I drive and want to be able to use
the center. I DON’T HAVE SOME
ONE TO DROP ME OFF. AND PICK
ME UP. I’m disabled, not incapacitated.
I don’t want to be put in the
position of loosing my independence.
Furthermore she should
read a copy of the federal and state
disability law. Accordingly I’m entitled
to have access to the facility.
SO FIX THE PROBLEM, or lets take
it to court!
Yes, there is a grassy area on the
Filmore Avenue side of Marine Park
that would be perfect. It’s a long
walk from Avenue U..even if you cut
through the park.
As long as busses don’t start parking
there it will be fi ne. The busses
can drop off and go park elsewhere.
What about bicycles — like y’all
putting everywhere else where people
of color live
It’s a bad development
The city is moving ahead with
plans to turn a publicly-owned
polluted brownfi eld site along the
banks of the Gowanus Canal into
a large residential development
that could bring some 2,000 new
neighbors to the area.
City agencies and a cadre of developers
plan to rezone the longvacant
lot at Smith and Fifth
streets to remove the designation
of the site as a public place — and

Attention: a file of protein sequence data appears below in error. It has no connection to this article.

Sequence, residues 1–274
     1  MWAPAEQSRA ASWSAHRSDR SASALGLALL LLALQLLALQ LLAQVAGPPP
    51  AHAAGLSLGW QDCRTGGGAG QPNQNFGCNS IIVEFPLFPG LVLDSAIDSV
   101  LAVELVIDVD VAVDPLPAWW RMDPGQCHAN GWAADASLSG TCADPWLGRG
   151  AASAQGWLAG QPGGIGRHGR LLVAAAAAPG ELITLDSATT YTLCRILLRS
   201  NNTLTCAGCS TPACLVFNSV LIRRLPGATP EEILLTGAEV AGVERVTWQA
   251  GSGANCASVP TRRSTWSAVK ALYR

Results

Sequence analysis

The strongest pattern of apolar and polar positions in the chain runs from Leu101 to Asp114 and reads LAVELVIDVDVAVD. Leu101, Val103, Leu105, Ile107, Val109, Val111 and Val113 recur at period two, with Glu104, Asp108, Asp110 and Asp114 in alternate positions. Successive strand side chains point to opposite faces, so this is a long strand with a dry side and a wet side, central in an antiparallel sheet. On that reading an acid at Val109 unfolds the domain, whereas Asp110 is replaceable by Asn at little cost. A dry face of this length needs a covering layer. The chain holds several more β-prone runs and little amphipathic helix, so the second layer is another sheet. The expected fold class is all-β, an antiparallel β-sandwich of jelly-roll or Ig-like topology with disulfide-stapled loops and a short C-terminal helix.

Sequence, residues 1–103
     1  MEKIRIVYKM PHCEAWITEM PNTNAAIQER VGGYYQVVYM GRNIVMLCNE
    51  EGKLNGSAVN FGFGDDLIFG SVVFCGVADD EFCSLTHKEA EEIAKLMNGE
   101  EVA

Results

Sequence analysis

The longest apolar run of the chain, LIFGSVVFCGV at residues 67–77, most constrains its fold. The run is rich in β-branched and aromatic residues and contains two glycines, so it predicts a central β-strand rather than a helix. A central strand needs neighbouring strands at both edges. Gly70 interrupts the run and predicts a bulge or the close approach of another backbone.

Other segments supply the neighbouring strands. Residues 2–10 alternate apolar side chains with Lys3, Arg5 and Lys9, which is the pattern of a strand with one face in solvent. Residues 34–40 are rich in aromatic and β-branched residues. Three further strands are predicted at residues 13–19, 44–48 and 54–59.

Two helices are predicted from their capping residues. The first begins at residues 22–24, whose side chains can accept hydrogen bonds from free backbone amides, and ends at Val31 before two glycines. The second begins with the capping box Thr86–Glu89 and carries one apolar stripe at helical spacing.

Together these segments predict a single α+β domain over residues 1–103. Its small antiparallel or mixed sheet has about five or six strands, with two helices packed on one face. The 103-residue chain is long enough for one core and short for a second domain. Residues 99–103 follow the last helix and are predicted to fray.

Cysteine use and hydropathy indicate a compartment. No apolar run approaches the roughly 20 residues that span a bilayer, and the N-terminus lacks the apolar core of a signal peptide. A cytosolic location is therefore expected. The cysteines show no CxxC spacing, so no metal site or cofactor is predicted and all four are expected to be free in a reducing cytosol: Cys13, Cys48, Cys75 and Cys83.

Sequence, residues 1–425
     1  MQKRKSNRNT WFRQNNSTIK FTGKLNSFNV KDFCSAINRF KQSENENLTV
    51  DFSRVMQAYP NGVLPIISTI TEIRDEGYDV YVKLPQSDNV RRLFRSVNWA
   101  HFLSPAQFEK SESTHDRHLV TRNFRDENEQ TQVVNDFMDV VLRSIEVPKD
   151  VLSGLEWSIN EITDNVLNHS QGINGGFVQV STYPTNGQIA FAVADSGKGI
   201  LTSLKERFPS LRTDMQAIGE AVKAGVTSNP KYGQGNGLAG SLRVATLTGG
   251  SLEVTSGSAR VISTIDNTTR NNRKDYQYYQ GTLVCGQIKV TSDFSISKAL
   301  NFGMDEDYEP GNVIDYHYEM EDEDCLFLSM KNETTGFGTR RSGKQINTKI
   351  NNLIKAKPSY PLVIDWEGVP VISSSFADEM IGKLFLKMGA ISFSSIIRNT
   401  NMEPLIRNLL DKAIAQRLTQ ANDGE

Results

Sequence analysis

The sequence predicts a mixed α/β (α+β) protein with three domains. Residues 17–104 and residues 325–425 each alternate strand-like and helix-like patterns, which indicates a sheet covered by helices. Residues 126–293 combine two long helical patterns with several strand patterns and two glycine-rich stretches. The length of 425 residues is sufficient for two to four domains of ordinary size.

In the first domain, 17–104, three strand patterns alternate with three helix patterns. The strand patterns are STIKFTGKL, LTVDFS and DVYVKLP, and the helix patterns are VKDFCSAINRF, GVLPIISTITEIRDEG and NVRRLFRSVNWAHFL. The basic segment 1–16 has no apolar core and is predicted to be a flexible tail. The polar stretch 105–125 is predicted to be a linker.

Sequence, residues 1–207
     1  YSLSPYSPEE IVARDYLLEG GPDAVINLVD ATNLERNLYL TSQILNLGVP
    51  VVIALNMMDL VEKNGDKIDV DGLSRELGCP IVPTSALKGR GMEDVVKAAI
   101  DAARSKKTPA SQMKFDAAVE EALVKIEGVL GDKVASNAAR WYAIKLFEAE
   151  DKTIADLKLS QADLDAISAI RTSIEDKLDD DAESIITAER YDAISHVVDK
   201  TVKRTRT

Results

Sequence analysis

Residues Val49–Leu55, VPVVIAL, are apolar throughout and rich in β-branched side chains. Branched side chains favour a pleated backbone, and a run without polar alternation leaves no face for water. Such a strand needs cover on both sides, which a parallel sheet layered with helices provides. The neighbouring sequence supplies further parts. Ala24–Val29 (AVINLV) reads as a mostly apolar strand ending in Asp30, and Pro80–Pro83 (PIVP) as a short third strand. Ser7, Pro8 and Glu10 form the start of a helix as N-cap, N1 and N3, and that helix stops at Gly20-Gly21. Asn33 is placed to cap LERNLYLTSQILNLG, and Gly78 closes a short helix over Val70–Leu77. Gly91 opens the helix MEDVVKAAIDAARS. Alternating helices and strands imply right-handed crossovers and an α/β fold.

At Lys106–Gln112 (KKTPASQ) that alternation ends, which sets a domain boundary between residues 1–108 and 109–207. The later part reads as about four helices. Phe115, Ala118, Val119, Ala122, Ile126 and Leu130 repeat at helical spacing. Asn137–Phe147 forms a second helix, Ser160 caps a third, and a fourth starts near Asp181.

allow for more than 900 new residential
units, most of which will
be below market rate, reps told a
Community Board 6 subcommittee
Readers experssed themselves
Aside from the astounding density
of this proposal, and it effect
on public transport, a much bigger
problem exists: the “up-zoning”
(developer-speak for profi t maximization)
comes at the expense of the
neighborhood fabric. Do you see any
28 story towers anywhere near here?
No. The neighborhood is 2-4 story
brownstones, and 1-2 story manufacturing
spaces and artists lofts.
As long as for-profi t development
dictates land use, this trend will
continue, and urban fabric will be
disregarding in favor of profi t. See
Williamsburg for a perfect example
of neighborhood destruction and
They won’t and can’t clean it up.
They just cover it. Look up respiratory
disease rates in that area
compared to the rest of the City. I
wouldn’t live there for free.
Looks great! Great use of the
space and way to get the cleanup of
an old gas plant.
My studio is in the bottom right
of the picture. Am not looking forward
to the construction.
LET US HEAR FROM YOU
Submit letters to:
Colin Mixson, Edi tor, Courier Life,
1 MetroTech Center North, Brooklyn,
NY 11201, or e-mail to editorial@
schnepsmedia.com. Please include
your address and tele phone number
for so we can con fi rm you sent the
letter. We reserve the right to edit all
correspondence, which becomes the
property of Courier Life.
SOUND OFF TO THE EDITOR
LETTERS AND COMMENTS FROM OUR READERS